Newton’s third law of motion, that for every action there is an equal and opposite reaction, extends from Mother Nature to human nature. Any mass movement will attract a large number of nay-sayers. Just as Phyllis Schlafly opposed the Equal Rights Amendment in the 1960s, some women have staked out a position for why they chose not to join the Women’s March of January 21, 2017. Not to participate is their right, of course, and many didn’t. But I draw the line at strident attacks upon those who did. “I do not feel I am not provided opportunities,” says one who rose in opposition. “I can work if I want .. I control my body, I can defend myself…” Life for American women, she reminds us, is nothing like what it is for women in countries like Saudi Arabia and Afghanistan. Women in the United States are spoiled, she asserts.
The insecurity behind this woman’s protest escapes me, though I’m sure there is a story. Nonetheless, when she insists she is free, the pronouncement is so contrary to fact, it impugns her judgement and places her in the same delusional bubble as our president. Has she forgotten Roe V. Wade hangs by a thread? “I can defend my body,” she goes on. If true, she is a member of a rare breed for everyday the news is rife with stories of battered wives, victims of rape or of women who spend their working hours fending off sexual predators, like the women of Fox news. What does she mean by her statement that she can defend herself? Does she imply that victims bring violence upon themselves? That they want to be abused because if they didn’t, they’d put a stop to it?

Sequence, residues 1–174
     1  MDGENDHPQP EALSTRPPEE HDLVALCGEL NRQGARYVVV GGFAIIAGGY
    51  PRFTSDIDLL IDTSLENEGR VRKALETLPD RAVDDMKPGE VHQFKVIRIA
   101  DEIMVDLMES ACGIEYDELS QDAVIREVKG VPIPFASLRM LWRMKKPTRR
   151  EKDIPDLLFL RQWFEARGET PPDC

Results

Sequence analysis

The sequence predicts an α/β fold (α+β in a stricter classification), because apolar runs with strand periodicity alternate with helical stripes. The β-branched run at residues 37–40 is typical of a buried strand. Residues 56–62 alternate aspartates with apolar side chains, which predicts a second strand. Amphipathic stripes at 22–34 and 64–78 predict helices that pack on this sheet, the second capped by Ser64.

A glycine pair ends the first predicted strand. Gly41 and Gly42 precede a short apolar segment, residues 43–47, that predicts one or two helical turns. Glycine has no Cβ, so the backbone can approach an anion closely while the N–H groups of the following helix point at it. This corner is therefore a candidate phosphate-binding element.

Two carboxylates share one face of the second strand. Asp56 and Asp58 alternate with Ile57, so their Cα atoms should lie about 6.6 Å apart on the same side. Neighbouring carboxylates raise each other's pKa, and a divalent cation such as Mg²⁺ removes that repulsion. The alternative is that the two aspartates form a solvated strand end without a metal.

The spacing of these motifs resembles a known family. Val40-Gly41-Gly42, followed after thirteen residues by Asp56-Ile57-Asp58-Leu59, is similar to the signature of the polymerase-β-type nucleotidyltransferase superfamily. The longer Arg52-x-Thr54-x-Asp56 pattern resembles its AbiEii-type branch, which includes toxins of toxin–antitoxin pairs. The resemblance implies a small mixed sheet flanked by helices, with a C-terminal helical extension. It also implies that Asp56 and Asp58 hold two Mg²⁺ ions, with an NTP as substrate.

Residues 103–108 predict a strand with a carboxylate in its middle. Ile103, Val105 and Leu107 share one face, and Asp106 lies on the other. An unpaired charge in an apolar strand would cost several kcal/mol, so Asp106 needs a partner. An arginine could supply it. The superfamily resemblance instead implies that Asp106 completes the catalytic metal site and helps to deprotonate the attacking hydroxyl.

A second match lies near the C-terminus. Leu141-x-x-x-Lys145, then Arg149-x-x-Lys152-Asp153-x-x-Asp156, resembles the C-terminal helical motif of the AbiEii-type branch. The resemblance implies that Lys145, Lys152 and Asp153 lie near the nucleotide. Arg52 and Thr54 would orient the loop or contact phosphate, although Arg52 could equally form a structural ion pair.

We may live in a country where those of our gender aren’t beheaded for adultery or have their genitals mutilated, but the inequalities women face in other countries in no way justifies the inequalities in ours. Progress doesn’t aspire to the lowest standard but to the highest. If American women are to be set apart from our sisters overseas, it isn’t because we are spoiled but because prejudice in this country is subtle and difficult to oppose.
My regret is that a few among us will read this woman’s manifesto and be weakened by it. Any impulse, any spark of resolve to make the future better for themselves and their daughters could be extinguished by doubt. They might decide it is better sit passively in their chains than to suffer the bruises struggle might inflict.
This woman who beats her breast about freedom stands, unaware, on the bones of many who were jailed, force-fed, spat upon and demonized as society’s pariahs. Her ingratitude is the unkindest cut of all. She exhibits no knowledge of the past and little insight into the future. But her fear will not smother courage. Women will continue to march for the freedoms she images already exist. One day, she may come to understand the mission. On that day, those who assemble in the name of women’s rights will be ready to welcome her.